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WSH Obtains Favorable Final Order in Significant Environmental Law Matter for Condominium Association

This summer, WSH reported on a favorable decision in an administrative proceeding that WSH Members Mitchell J. Burnstein and Susan L. Trevarthen obtained on behalf of the Mayan Beach Club (“Association”). The case arose when Broward County and the Sea Turtle Oversight Protection (“STOP”) challenged a modification to an Association permit that would level a 176-foot sand dune, arguing that the dune provided significant environmental protection and should not be destroyed for the purpose of providing a more desirable ocean view for the Association’s owners. Specifically, the challengers alleged that the dune contained an endangered species of plant known as the beach star, helped prevent coastal erosion of the shoreline, and provided a nesting habitat for species of marine turtles that are protected under state law. The Association and the Department of Environmental Protection (“DEP”) countered that the Association had agreed to partner with the City of Fort Lauderdale as part of a dune restoration project at the Palms Condominium, under which a stretch of beach would harbor several endangered species of vegetation. The Association and DEP also argued that neighboring beach areas provided nesting habitats for the turtles. On August 25, Florida Administrative Judge David Maloney recommended that the DEP enter a final order issuing the Modification. In his opinion, Judge Maloney stated that there was no evidence that the adjacent beaches provided inferior protection for the sea turtles or endangered vegetation. He also held that the facts did not support a finding that the dune prevented coastal erosion, since it lacked the height or continuity along the shore needed to be considered a “significant dune.”

On October 17, Secretary Herschel T. Vinyard, Jr. issued a Final Order adopting the Recommended Order in its entirety and granting the Association's Modification.  In the Final Order, Secretary Vinyard acknowledged that there was competent substantial evidence of record supporting the decision in the Recommended Order.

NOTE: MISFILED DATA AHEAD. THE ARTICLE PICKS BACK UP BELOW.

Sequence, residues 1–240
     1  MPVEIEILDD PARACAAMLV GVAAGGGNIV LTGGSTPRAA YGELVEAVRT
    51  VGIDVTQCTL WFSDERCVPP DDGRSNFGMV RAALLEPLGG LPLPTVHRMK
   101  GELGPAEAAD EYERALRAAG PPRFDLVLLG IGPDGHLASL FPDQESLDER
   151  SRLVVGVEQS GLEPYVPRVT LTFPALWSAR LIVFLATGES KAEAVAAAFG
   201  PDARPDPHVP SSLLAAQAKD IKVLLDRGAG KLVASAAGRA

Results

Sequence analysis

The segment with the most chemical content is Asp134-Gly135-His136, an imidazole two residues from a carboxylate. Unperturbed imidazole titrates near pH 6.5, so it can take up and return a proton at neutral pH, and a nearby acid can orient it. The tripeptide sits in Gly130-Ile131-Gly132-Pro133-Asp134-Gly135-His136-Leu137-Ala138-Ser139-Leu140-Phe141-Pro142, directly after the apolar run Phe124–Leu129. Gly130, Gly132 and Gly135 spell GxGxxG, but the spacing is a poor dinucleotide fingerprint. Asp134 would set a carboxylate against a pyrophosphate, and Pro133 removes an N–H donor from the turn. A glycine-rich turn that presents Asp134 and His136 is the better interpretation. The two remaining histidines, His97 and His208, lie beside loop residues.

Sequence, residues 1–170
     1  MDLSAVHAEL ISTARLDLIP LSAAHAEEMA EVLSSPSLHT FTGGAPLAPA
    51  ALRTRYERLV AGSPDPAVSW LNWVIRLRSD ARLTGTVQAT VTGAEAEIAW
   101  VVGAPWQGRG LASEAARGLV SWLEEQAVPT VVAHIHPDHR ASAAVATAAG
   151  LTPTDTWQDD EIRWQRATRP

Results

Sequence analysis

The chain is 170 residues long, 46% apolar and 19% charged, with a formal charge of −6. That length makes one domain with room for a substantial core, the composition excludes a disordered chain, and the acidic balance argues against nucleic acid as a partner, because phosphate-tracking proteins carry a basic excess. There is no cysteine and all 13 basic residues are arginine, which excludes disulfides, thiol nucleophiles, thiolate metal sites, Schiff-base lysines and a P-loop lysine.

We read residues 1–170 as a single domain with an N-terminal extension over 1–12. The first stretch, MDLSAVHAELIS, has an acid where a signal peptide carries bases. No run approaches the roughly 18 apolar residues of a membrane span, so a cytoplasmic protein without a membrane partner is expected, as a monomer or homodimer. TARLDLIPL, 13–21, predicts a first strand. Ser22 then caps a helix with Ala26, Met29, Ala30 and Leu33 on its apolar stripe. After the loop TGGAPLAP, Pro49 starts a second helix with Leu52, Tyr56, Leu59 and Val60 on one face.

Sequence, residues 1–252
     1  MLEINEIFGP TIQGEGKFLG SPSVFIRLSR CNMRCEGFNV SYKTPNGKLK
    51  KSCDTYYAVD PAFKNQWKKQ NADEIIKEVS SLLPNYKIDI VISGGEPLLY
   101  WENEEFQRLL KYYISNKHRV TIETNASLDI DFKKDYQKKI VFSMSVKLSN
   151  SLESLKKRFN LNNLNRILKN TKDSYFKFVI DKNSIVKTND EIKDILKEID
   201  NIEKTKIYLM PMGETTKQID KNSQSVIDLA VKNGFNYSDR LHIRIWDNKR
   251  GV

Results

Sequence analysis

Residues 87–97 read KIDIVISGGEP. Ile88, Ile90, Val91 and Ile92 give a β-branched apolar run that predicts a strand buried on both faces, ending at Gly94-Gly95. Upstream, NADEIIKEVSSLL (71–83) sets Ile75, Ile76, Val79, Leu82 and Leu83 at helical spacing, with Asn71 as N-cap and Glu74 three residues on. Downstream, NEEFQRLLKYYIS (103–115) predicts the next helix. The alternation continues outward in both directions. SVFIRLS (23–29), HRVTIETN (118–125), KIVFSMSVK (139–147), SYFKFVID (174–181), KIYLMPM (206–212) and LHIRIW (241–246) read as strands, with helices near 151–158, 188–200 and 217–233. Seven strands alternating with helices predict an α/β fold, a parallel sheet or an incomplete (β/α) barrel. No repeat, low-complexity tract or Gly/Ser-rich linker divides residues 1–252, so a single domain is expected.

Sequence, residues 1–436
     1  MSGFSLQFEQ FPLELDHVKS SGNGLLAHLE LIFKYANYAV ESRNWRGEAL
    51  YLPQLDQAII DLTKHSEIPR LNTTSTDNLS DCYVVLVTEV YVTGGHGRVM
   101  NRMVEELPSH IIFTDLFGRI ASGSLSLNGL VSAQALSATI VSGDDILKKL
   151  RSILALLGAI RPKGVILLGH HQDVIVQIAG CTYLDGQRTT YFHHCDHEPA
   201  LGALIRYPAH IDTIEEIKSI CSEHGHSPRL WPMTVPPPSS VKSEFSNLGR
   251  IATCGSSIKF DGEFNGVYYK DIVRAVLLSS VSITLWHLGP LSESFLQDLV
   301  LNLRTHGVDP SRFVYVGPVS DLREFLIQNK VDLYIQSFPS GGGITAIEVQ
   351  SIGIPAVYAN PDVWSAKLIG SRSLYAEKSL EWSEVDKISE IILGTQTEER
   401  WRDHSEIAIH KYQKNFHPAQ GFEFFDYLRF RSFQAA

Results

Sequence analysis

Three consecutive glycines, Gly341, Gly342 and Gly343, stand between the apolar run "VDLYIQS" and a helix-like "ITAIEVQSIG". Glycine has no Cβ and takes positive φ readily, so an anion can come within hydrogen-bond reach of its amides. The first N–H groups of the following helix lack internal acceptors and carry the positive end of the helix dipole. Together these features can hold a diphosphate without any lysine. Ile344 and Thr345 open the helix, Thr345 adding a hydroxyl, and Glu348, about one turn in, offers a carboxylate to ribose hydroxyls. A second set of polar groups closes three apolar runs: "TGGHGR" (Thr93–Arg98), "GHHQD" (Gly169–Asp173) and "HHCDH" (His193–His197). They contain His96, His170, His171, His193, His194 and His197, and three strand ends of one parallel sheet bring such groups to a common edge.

In addition to serving as Partner-in-Charge of the Broward Office, Mitch chairs the firm’s Eminent Domain Practice Group. The Group routinely represents private property and business owners in negotiations with government employees attempting to acquire properties and businesses. The Group also represents dozens of governmental entities, quasi-governmental entities, and utilities that acquire property rights. Susan serves as the Chair of our Public Land Use and Zoning Practice Group, which provide counsel and advice to local governments on a range of issues regarding comprehensive plans, land development regulations, site plans and building permits. Many of the Group’s attorneys are certified planners and Board-certified experts in the field of zoning.

You can read a copy of the Final Order here.

Categories: Land Use & Zoning (Public)Environmental/SustainabilityGovernment AffairsLand Use & Zoning (Private)Eminent Domain
Tags: Mitchell J. BurnsteinJoshua D. KrutClifford A. SchulmanSusan L. TrevarthenFort Lauderdale Condominium Association AttorneysMiami Condominium Association AttorneysSouth Florida Condominium Association AttorneysFort Lauderdale Governmental Affairs AttorneysMiami Governmental Affairs AttorneysSouth Florida Governmental Affairs AttorneysFort Lauderdale Eminent Domain AttorneysMiami Eminent Domain AttorneysSourth Florida Eminent Domain AttorneysFort Lauderdale Environmental Law AttorneysMiami Environmental Law AttorneysSouth Florida Environmental Law Attorneys Florida Environmental Law
Author(s): Brooke P. Dolara